Sunday, July 20, 2008

Citizenship


I was reading about this woman in France who applied for citizenship, but was denied because she wears a burqa.

In 2005 her application for French nationality was rejected for “lack of assimilation”. Now the Conseil d’Etat has rejected her appeal on the ground that she “adopted a radical practice of her religion, incompatible with the essential values of the French community, and particularly with the principle of sexual equality.” This is the first time the court has refused nationality on the grounds of religious expression. The court heard that the couple followed salafism, a radical form of Islam. The woman adopted the burqa at her husband’s request in France, where she “lives in total submission to the men in her family”.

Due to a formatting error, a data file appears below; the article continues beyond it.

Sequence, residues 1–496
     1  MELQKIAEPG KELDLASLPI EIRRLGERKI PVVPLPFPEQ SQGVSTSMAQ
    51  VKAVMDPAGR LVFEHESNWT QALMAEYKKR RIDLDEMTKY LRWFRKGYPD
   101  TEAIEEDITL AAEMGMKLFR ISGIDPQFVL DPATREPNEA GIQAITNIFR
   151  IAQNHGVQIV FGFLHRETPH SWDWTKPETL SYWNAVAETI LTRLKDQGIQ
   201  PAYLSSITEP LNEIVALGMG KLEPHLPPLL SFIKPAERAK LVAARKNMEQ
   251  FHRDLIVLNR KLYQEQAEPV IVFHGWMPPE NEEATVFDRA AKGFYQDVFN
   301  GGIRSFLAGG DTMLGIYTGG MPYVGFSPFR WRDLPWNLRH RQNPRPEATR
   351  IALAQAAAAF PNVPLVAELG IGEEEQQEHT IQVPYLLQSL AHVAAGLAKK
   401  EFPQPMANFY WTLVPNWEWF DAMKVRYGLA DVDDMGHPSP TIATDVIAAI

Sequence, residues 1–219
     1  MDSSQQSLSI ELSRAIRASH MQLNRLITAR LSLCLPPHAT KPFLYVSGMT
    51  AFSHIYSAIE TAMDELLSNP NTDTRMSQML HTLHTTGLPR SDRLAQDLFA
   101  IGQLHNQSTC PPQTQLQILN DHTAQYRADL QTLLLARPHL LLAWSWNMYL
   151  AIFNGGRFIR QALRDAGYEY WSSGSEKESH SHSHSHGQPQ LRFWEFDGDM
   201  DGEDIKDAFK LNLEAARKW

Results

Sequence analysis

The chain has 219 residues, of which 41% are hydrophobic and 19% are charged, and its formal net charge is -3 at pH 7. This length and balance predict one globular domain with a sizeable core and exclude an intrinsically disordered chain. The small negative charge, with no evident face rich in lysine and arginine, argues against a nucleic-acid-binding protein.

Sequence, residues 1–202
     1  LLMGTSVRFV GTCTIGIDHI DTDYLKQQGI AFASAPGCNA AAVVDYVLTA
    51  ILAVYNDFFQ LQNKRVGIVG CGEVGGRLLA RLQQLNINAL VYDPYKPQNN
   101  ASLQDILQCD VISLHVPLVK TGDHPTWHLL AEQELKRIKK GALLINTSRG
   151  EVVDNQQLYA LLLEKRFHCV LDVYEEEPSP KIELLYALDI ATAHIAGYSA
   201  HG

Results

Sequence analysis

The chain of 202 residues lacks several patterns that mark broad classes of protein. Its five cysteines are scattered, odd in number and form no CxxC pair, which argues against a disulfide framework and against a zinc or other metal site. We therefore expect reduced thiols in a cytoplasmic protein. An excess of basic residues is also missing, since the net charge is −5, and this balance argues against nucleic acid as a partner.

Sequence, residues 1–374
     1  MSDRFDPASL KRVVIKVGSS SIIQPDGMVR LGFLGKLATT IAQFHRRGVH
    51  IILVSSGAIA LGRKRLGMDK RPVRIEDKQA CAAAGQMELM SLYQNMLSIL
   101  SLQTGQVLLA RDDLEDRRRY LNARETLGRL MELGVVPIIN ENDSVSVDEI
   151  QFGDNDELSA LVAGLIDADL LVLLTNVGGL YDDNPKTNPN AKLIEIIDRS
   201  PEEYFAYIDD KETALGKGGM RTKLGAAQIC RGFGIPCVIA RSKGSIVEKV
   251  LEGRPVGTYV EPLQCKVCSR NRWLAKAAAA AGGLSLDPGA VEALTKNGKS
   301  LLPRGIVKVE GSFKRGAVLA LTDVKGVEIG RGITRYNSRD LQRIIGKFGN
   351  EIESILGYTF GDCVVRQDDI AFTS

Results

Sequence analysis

Good for France, I say.

Certain countries have stricter rules for nationality than others. In Germany you have to learn the language and live here for eight years.

I consider this the right of the country to choose what is required for citizenship.

It is not as if they are disallowing her to wear her burqa. They just (rightly) say that wearing a burqa is counter to the values and equality of women in France, so she does not pass the requirements for citizenship.

What do you think? Is it right for France to deny this woman citizenship because of her burqa?

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2 comments:

Adrian Hayter said...

It's totally acceptable. France is one of the most secular countries in the world so denying someone on the grounds of their religious beliefs is quite appropriate if those beliefs counter those of citizenship.

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